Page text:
Virat and Rahane chase down 280 for India
Virat Kohli extended his batting form and augmented his captaincy record by leading India to a six-wicket win against Bangladesh. This was a welcome win for India, coming after two winless overseas tours. Owing to a record partnership between Virat and Ajinkya Rahane, India chased down Bangladesh’s 279 with an over to spare.
Shikhar Dhawan (28) and Rohit Sharma (21) began tentatively, as India’s total crawled to 38 in 10 overs. However, after having played themselves in, none of the two openers capitalized, falling in the 12th and 13th over respectively. Dhawan was wrapped lbw by Abdur Razzak in a failed attempt to sweep a straight ball and Rohit was bowled by Ziaur Rahman with a ball that jagged back in and caught the batsman on the backfoot.
After the openers departed, Virat Kohli (136) and Ajinkya Rahane (73) came together to form a partnership, which eventually was worth 213 runs, highest for the third wicket for India in Asia Cup. They dug deep and kept a cool head on their shoulders, running hard between the wickets and scoring run-a-ball while avoiding unnecessary risks.
Virat Kohli did what he has been doing since the last three years – take India home with a well-scripted century. His 19th ODI hundred was very similar to most of his previous tons in terms of its pace, quality and shots. The blend of caution and aggression was once again flawless and he was involved in a match-changing and eventually match-winning partnership, this time, with Rahane. Reaching the landmark in 124 innings, Virat also became the quickest to 19 ODI centuries.
Rahane eased into his role in the partnership and played the perfect ally. The two fit and agile batsmen were busy between the wickets and the strike was rotated without any fuss. Virat departed with a tired shot off Rubel Hossain while Rahane got caught in the deep trying to hit a straight six.
Earlier, Bangladesh scored 279 for 7 in their 50 overs, thanks to a fine ton from Mushfiqur Rahim.
Bhuvneshwar almost got a breakthrough in the first over of the match. An outswinger took the edge of Anamul Haque’s bat but neither R Ashwin nor Rohit Sharma, stationed at first and second slips respectively, made an attempt to catch it.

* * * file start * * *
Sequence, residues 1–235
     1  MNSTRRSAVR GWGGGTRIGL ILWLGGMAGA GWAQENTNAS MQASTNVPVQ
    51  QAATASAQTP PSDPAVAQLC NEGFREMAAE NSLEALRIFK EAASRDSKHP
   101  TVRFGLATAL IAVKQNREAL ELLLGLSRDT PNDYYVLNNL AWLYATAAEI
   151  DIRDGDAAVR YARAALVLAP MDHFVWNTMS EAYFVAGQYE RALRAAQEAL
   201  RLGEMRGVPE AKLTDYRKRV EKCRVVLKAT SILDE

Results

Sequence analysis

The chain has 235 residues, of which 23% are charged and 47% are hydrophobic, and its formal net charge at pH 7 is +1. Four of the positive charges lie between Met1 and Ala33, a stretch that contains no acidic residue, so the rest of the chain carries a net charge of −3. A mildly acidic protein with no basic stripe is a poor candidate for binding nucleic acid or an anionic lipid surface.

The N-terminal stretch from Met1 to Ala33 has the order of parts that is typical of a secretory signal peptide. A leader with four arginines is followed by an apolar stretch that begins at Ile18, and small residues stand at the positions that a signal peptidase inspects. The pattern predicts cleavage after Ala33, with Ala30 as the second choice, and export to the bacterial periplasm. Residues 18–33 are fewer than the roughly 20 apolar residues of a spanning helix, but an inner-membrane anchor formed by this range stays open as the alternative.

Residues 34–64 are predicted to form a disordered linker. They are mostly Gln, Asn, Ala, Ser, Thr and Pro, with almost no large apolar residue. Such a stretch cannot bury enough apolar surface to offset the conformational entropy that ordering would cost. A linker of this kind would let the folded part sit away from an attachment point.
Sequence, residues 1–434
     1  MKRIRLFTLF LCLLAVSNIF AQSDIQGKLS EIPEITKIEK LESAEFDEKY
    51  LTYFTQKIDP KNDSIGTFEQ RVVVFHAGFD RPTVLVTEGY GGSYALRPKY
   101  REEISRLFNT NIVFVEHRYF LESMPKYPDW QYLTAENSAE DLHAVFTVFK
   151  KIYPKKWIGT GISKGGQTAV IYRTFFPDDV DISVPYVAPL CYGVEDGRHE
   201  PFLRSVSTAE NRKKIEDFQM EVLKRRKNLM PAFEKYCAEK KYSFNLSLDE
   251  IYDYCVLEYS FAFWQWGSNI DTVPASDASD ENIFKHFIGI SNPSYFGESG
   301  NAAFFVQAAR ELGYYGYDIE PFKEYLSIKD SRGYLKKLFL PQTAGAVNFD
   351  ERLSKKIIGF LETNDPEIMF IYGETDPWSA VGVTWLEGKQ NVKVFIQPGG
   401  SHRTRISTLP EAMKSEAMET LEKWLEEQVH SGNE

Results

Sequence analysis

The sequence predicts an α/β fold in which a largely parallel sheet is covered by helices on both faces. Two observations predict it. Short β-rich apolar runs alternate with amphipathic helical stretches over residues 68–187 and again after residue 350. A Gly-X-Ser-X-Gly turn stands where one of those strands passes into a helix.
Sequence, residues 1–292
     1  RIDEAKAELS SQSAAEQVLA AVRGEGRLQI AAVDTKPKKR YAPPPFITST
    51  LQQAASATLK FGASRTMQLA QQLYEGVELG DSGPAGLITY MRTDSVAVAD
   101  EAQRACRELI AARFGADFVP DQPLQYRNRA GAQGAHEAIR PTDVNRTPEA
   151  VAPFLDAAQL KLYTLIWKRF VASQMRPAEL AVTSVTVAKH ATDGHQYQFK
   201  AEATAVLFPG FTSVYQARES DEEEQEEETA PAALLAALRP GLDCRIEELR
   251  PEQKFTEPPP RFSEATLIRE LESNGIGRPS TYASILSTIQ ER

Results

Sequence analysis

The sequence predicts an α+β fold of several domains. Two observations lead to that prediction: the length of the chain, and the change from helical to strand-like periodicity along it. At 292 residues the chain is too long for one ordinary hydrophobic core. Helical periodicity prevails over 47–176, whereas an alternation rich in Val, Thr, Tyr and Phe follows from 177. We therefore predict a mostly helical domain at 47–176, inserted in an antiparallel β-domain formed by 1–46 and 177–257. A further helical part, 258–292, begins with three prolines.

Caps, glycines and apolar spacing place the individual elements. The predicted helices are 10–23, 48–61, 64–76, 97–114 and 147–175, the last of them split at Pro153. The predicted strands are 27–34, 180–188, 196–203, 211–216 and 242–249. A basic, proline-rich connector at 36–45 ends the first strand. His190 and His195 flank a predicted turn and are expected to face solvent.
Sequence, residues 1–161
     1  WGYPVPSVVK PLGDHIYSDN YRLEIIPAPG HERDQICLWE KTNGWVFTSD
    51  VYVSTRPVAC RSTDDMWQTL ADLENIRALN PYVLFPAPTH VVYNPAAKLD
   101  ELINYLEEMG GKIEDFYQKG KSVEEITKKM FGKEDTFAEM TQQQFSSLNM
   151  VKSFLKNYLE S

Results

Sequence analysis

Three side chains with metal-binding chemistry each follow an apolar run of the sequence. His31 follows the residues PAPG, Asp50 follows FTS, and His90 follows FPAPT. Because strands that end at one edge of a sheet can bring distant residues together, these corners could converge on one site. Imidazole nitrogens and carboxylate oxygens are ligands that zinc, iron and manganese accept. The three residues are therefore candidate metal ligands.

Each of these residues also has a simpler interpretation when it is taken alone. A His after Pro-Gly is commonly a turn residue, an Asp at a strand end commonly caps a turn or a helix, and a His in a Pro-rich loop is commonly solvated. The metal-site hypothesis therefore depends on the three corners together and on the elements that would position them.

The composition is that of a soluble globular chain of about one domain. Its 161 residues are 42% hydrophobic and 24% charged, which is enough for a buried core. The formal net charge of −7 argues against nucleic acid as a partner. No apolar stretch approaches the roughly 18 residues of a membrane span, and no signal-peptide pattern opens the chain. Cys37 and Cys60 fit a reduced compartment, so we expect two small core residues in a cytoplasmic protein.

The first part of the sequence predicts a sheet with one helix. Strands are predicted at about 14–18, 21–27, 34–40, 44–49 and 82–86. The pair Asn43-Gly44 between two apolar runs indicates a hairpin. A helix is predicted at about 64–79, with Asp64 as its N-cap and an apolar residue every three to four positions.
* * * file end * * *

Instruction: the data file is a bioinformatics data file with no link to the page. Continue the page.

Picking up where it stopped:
The wicket came for India in the sixth over when Mohammad Shami accepted a high return catch, but not before colliding with a charging Ambati Rayudu. It was the ninth time that Shami provided India with the first breakthrough – most by any bowler.
There was sporadic big hitting amidst some tight bowling in the first 10 overs. R Ashwin, bowling with a completely different action, not dissimilar to that of Sunil Narine, got a wicket off his first ball. Mominul Haque was out of his crease when the ball took an inside edge of his bat and rolled back to the stumps. Flummoxed, he was stumped by Karthik.
Varun Aaron had a forgettable day, as he was targeted right from him first over. While he consistently maintained the speed of over 140 kph, the line and length were rather inconsistent. On one occasion, Anamul Haque charged down the track and carted a 144 kph ball from him over the long-on fence. One of the most glaring aspects of Aaron’s bowling was the waist or above waist high full-tosses. He bowled two of them in the 39th over, the second one felling Mushfiqur Rahim and forcing Aaron out of the attack. Hence ended his nightmarish bowling performance with figures of 7.5-0-74-1. Aaron’s only wicket was that off Anamul Haque, off the only yorker he bowled in the innings.
The pick of India’s bowlers was Mohammad Shami, who delivered a first spell of 5-1-13-1 before limping off the field with a knee niggle. He returned into the attack in the 42nd over and picked up three wickets in his remaining five overs. Shami was the main reason why India restricted Bangladesh below 300, a mark they looked certain to cross at one point.
The second half of the Bangladesh innings was a Mushfiqur show throughout. The Bangladesh captain showed guts and gumption as he led his team with a 117 off 113 balls. He began his knock with caution before injecting it with a heavy dose of aggression. The assault was started against the spinners before taking it to the pacers. Aaron was at the harshest receiving end, being plonked for a couple of fours and a six in an over. Despite being felled with a beamer, the diminutive batsman showed tremendous courage to become only the second Bangladeshi batsman to score an ODI ton against India – the first was Alok Kapali.